Layer 2: Mixed daffodil bulbs, planted about 6 inches (15 cm) deep

Cover the daffodil bulbs with another 2-inch (5 cm) layer of compost, and then plant iris reticulata 4 inches (10 cm) deep.

Bulb lasagne, layer 3, dwarf irises
Layer 3: dwarf irises, planted near the top of the pot

Finish off with a final layer of compost.

Late planting works for tulips

December/January is a particularly good time to plant tulip bulbs. If you plant them too early and they sit in warm, wet conditions they are susceptible to fungal diseases, particularly something called ‘tulip fire’. The leaves become withered and distorted and are covered in brown spots. In the past few years, I have never planted tulips before December and it seems to work well.

Pick up a bargain and get planting

By planting slightly later than the ‘the norm’, you may even be able to pick up a bargain load of bulbs, as online retailers and garden centres will be looking to clear their stocks. So, as soon as the ground defrosts (!), get those bulbs in. Don’t forget to share your results.

It's worth planting those spring bulbs, even in January: bloomin' lovely
It’s worth planting bulbs, even in January, for lovely displays of spring colour

February 2022: end of month review

The weather has definitely hampered quality time in the garden this month. It has been cold, wet and blustery. The UK was hit by several major storms, with Storm Eunice wreaking particular havoc in the south of England.

So, although I’ve been itching to start tidying the borders, they have been best left alone. The winter’s debris has provided a comforting duvet of protection from regular frosts over tender new growth…

The February garden
The February garden: a tangled mess of winter structure

…and a haven for insects and other wildlife, sheltering from the inclement weather.

Protective winter structure in the borders
Protective winter structure in the borders

Pockets of colour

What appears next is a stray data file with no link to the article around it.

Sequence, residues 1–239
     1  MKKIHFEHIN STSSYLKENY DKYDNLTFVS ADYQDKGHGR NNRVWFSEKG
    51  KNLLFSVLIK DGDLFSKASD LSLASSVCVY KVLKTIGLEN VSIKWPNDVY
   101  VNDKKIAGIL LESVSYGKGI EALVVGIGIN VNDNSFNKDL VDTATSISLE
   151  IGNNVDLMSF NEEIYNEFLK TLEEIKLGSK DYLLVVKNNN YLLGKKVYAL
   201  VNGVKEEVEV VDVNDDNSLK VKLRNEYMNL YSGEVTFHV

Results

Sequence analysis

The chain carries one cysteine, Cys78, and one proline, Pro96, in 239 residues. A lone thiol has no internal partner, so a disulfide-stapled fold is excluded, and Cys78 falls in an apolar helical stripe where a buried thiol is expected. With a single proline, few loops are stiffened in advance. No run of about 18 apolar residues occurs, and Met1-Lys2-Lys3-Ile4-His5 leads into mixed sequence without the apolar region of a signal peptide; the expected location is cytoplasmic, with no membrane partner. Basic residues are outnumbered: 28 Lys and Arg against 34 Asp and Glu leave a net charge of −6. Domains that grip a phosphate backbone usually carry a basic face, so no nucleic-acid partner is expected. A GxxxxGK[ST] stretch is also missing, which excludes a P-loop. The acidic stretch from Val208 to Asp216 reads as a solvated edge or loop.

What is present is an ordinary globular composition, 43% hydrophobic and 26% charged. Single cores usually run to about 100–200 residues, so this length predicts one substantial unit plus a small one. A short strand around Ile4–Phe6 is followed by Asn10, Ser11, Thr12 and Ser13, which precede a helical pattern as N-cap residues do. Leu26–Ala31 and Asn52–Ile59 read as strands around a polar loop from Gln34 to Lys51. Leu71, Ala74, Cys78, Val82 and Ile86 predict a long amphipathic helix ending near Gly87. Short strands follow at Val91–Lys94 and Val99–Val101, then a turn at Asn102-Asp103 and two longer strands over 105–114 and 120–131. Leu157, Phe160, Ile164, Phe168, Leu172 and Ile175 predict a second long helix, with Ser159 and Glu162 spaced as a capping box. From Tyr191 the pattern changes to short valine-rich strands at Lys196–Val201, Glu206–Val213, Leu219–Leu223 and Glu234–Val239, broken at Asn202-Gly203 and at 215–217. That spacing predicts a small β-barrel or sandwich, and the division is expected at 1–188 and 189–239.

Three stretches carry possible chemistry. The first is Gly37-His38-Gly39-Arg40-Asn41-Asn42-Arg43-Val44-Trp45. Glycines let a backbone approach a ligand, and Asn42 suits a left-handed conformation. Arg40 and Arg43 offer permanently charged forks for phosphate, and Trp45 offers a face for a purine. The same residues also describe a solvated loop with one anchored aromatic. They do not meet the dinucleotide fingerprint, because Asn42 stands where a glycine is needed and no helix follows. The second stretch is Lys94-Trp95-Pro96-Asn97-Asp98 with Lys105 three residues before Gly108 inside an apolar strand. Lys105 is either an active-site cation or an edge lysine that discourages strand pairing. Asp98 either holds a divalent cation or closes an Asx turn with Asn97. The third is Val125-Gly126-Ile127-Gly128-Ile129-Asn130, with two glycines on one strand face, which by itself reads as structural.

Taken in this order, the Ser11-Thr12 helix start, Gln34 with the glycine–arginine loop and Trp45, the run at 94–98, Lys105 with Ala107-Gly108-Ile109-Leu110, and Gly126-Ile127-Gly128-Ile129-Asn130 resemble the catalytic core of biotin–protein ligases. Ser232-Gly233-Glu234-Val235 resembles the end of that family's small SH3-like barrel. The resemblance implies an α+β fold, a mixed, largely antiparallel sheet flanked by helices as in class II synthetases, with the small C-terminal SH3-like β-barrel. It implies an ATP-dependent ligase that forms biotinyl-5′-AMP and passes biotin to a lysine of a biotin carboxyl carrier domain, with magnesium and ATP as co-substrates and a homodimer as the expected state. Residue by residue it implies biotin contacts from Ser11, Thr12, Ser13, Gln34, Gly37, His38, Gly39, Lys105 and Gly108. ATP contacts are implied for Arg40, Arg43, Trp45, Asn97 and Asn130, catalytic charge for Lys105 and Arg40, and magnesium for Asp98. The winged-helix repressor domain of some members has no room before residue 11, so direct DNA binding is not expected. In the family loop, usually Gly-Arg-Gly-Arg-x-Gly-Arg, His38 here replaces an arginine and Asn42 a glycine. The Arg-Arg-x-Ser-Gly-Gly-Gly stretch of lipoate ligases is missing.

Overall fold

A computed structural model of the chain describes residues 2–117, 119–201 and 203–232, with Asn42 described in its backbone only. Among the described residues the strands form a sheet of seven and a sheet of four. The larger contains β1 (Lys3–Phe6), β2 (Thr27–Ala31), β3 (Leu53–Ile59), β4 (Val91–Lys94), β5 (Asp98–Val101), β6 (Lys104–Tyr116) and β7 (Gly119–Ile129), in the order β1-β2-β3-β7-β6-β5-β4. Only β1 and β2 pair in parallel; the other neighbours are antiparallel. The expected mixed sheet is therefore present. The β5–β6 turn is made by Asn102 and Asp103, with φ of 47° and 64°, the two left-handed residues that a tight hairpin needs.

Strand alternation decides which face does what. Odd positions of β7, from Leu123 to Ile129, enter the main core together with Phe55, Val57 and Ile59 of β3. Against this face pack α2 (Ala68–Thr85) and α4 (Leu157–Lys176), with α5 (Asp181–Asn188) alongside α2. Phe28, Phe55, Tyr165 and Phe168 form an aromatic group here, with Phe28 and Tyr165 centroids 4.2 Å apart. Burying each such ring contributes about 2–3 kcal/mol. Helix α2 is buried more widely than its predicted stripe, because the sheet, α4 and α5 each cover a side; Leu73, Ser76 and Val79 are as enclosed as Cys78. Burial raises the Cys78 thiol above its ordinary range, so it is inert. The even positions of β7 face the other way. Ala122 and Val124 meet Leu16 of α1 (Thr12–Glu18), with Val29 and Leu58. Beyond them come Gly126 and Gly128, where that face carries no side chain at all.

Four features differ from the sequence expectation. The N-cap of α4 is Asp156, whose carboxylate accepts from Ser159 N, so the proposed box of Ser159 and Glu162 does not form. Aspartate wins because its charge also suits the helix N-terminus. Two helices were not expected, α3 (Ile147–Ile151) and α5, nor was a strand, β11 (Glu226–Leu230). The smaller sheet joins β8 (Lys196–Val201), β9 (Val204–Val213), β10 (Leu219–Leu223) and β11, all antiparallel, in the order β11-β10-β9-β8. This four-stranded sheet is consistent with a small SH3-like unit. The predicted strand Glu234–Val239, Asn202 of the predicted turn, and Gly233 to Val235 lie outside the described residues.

Most of the garden is a brown-beige tangle of dead stems and seedheads, but pockets of colour have begun to shine through.

Pockets of colour in the February garden
Splashes of colour around the garden: crocuses, snowdrops, rose hips, aconites, hellebores and pansies

At the shady end of the garden, a few delightful clumps of snowdrops and aconites were the first of the spring bulbs to emerge.

Snowdrops and aconites

With cheery crocuses soon joining the party.

Crocuses bring colour to shady areas

February jobs

Although I left the borders to their own devices, I still managed to get on with a few jobs. I tidied the shed, cut down the autumn raspberry canes and planted a few more snowdrops.

Planting snowdrops in the green
Planting snowdrops in the green

I unearthed my dahlia tubers from winter storage…

Unearthing dahlia tubers from winter storage

…and potted them up.

Pot up dahlia tubers

I harvested the last of 2021’s potatoes, which had overwintered well outside in the sacks that I grew them in.

Final harvest of last year's potatoes
Final harvest of last year’s potatoes

And started chitting new seed potatoes for this year’s crop.

The right kind of chit: short, knobbly, green sprouts
Chitting seed potatoes on a window sill

I even started a few indoor sowings.

First sowings: tomatoes, aubergines, chillis and lettuce
First indoor sowings: tomatoes, aubergines, chillis and lettuce

Improving areas

It was also gratifying to see some improvement in a couple of the garden’s problem areas.

Autumn-planted hellebores appear to be thriving in a previously problem area under an apple tree.

Hellebores thriving under an apple tree

And the strip of soil next to the curb in the front garden is looking tidier after a bit of weeding and extra planting.

Curbside progress
Curbside progress: snowdrops and primroses

Lunchtime walks

When I haven’t been in the garden, I’ve taken my 15 minutes of green further afield, enjoying some short walks around my Hampshire village and along the Basingstoke canal.

Basingstoke canal in February
Canal walk

In the churchyard, storm Eunice brought down huge clumps of mistletoe from the trees.

Mistletoe brought down from trees during storm Eunice

But early blossoms somehow remained intact.

First blossom in February

And I particularly enjoyed seeing larger swathes of snowdrops than I’ve managed to achieve (yet) in my garden.

Naturalised snowdrops

Patio pots

Back in the garden, the pots on my patio are slowly transforming, from early shoots to first blooms.

First blooms of the year in patio pots
From early to late February, the first layer of bulbs in my pots are starting to emerge

An early sign of wonderful things to come.

First iris of 2022
First iris of 2022

Six on Saturday: Tulip mania

This week has been all about the tulips.

1. First tulip

It all started with this very first perfectly formed specimen flushed with a delicate pink.

First tulip 2020

2. Radiant blooms

As more tulips started to open, and the sun shone, the garden basked in the radiance of their blooms.

Radiant tulips

3. Fabulous colour combos

Some of the colour combinations have been simply divine. Here, the deep burgundy satin blooms of Havran stood tall over the red-crimson petals of Couleur Cardinal and the sunset colours of Prinses Irene.